The 1927 Industrial Index describes the Perkins Mill as “one of Columbus’ most important industries,” making cotton hosiery and a combination of silk and cotton hosiery. The village was almost entirely developed by 1937, and soon afterward, its incorporation was liquidated, and it merged into the Columbus city limits. Perkins Hosiery Mill became Jordan Mills in 1937. The area surrounding the intersection of Talbotton Road and 12th Avenue then became known as Jordan City. The Jordan Mill manufactured quality cotton yarns for several decades before it ceased operations in the late twentieth century. In 2005, the mill burned down.
Talbotton Road was first listed in the City Directory in 1888. By 1907, the Sanborn Maps would show several stores beginning to concentrate at the Talbotton Avenue and 12th Street intersection across from the newly constructed Perkins Mill. The 1920s saw a fair bit of commercial growth. The area would also see one of the largest entertainment venues in Columbus.
Down the road from the Perkins Mill and closer to Rose Hill, The Royal Theater was located at Talbotton Road and Comer Avenue. The large theater was built in 1927 by Roy Martin as a fireproof building of brick, tile, and concrete construction. It was designed by T. Firth Lockwood and constructed by contractor E.P. Hastings. The Royal Theater was one of several constructed in Columbus by Martin. It was located in the rapidly growing suburban area of Rose Hill, where Martin himself lived with his family. When constructed for $150,000, the theater was the largest in Columbus and one of the largest in the South with twice the seating capacity of other theaters.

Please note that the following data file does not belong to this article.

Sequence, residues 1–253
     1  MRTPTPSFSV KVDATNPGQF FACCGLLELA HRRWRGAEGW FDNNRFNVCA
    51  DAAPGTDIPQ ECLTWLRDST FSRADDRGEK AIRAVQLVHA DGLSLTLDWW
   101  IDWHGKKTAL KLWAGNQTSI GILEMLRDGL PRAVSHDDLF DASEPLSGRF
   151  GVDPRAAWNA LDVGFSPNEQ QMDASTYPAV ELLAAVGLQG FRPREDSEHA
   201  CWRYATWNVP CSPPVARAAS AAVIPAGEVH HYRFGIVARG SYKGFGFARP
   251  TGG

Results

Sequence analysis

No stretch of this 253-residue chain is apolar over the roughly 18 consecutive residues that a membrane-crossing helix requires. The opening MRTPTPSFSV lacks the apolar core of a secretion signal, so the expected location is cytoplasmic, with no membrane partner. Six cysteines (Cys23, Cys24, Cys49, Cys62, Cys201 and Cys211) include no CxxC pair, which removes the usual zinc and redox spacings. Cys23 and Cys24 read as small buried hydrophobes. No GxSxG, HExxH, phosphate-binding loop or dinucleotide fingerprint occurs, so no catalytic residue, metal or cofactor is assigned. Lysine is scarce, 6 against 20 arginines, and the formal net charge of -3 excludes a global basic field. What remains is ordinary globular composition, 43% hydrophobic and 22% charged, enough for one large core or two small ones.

There was also an adjoining store building that was part of Lockwood’s original design and was built to accommodate a business on the first floor and apartments on the second floor. The 1929 Sanborn Map shows a pharmacy located in the store. The city’s first radio station, WRBL, began broadcasting from this building in 1928. The theater was built to showcase large road shows, vaudeville theater productions, and motion pictures. The Illges family donated the theater to the city of Columbus in 1964. The Three Arts Theater League renovated the theater and made alterations. It was home to the Columbus Three Arts Theater and the Columbus Symphony for many years until it was demolished in 2003.
Across from The Royal Theater, at the edge of Rose Hill and Waverly Terrace, was a small residential area, much of which was considered blighted at the time. In 1938, the area became one of Columbus' first public housing complexes, the George Foster Peabody Apartments. The 510-unit-complex was built for white residents and covered 23.54 acres and cost $1.87 Million to build. The image to the left was from a 1942 Ledger-Enquirer article about the Peabody Homes gardens. It features a military family that lived in Peabody and joined other families there in growing their own food.
Over the next several decades, Peabody Apartments would become in great need of revitalization. In 2002, through a $20 million HOPE VI Revitalization Grant, the Housing Authority replaced Peabody with Ashley Station, a mixed-income community. Ashley Station consists of 367 units comprised of 146 public housing units, 74 low-income housing tax credit units, and 147 market rate units. The HOPE VI program also included the construction of 39 homes for purchase by qualified low-income families. The total cost of this development was in excess of $54 million.
The next two parts of this series will include more on the commercial, industrial, railroad, and residential development of this corridor. Today, it is difficult to envision the vibrancy of Northern Liberties, however, we hope this series will give you a glimpse.